One Time for the Funky Drummer
On February 18th, Hip Hop (and Funk) lost one of its architects. The original funky drummer, Clyde Stubblefield (April 18, 1943 – 2017) was a self taught musician who is most known for his time spent with James Brown and for the heavily sampled drum patterns on the song, “Funky Drummer”. We pay homage to this giant below with a few of our favorites songs that sampled him.
Using the Funk Drummer break (“Sound of the Funky Drummer!”) as the bedrock upon which to layer James Brown grunts, live Branford Marsalis, saxophone solos, Terminator X scratches, and a veritable gumbo of samples from The Dramatics, Trouble Funk, Bob Marley, and Sly and the Family Stone, Public Enemy succeeded in making the most incendiary song of 1989.
A true classic from the jeep era, LL Cool J drinks, drives, and stunts over this midnight marauder. A return to form, after 1989's commercially successful yet critically ambivalent Walking With A Panther, Booming System is the first single from Uncle L's wildly popular Mama Said Knock You Out. Producer Marley Marl throws the ubiquitous Stubblefield loop in a blender with James Brown's Payback and hits the puree button for the win.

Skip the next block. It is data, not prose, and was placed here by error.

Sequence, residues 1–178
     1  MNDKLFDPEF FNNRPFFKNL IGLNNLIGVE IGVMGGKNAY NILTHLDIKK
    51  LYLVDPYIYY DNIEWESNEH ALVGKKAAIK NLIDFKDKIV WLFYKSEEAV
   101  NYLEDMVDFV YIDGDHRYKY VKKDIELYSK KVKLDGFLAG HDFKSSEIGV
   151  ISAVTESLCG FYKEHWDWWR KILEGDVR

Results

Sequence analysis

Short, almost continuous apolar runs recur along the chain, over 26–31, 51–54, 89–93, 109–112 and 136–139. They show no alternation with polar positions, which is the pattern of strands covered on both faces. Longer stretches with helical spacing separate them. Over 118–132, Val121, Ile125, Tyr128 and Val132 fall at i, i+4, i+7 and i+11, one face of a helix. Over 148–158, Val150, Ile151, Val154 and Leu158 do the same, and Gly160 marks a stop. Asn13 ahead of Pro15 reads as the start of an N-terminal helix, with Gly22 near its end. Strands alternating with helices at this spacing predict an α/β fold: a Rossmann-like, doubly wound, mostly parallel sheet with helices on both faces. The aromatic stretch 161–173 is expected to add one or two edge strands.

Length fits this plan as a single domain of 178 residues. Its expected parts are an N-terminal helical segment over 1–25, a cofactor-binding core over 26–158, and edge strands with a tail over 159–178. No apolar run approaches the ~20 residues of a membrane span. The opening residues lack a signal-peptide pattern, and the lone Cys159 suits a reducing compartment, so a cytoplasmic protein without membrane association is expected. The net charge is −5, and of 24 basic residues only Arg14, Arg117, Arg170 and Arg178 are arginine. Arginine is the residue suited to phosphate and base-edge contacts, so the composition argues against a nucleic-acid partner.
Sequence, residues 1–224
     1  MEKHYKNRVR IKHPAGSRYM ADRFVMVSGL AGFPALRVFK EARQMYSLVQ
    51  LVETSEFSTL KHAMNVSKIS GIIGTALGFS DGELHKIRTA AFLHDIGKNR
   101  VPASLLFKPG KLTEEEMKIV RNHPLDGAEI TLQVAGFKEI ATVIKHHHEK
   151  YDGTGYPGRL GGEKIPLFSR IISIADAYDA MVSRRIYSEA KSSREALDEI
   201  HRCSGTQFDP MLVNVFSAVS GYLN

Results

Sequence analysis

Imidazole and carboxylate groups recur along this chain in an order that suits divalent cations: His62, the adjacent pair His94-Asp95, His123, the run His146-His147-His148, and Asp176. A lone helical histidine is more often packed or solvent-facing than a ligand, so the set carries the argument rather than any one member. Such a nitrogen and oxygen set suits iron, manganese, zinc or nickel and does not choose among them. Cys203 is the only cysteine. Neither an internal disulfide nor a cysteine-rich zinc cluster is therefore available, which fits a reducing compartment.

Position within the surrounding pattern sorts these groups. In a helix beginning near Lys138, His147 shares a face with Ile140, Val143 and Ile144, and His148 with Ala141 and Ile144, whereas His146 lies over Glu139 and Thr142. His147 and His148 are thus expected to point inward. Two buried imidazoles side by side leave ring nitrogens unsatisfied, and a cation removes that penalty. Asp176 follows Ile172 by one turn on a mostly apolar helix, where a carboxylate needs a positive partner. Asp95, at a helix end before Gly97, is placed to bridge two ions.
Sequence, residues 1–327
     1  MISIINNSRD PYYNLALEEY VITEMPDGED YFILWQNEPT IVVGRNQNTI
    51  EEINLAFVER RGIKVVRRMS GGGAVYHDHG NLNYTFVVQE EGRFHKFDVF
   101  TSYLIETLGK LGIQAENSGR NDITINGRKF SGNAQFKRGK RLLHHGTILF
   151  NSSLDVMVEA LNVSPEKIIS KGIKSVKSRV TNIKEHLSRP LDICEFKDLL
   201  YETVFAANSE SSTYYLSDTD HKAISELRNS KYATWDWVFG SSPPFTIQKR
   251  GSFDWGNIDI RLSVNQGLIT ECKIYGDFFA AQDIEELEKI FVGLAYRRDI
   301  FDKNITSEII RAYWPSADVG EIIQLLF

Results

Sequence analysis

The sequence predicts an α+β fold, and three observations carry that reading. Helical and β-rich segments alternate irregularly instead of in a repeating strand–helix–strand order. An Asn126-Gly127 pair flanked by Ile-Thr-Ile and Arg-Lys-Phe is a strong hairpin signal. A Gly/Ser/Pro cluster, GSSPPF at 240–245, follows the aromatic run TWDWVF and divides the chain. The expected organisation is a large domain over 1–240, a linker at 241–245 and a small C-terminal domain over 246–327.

I'm going with Digable Planets. *Ice Cube voice* Taddow!
"Im from where the phat beats stretch for mad blocks"
Oh that's easy then: "Mama Said Knock You Out”, "Let Me Ride" (Dre), “Fight the Power” & “Fuck tha Police” aka like 4 of the best hip hop songs of all time. What a legacy.
Not only a dope simple take on the Funky drummer pattern/break, Mos puts his foot into this joint lyrically weaving through the kick and snare that makes you feel like you in the middle of a cypher. The cuts and added samples also add to the overall flavor of boom bap classic.
As with many of the thousands of songs that sampled this record, Japanese Hip Hop group Rhymester went the straight homage route with their joint, Funky Grammar. This is straight early ‘90s Hip Hop with the booming drums, Das Efx steez, and crew vocals.
Lastly, peep a clip from Copyright Criminals, where Clyde talks about his time with James Brown and how he came up with the sound and the patterns that would make him the most widely recognized drummers in the world.
It is also a cautionary tale as Clyde was never fully credited or compensated for the all creations that would use his original works.
We honor you Mr. Stubblefield, your memory and work with live on in our hearts, souls, and speakers.
We hope that you find peace and fortune wherever you are.
g.o.a.t Hip Hop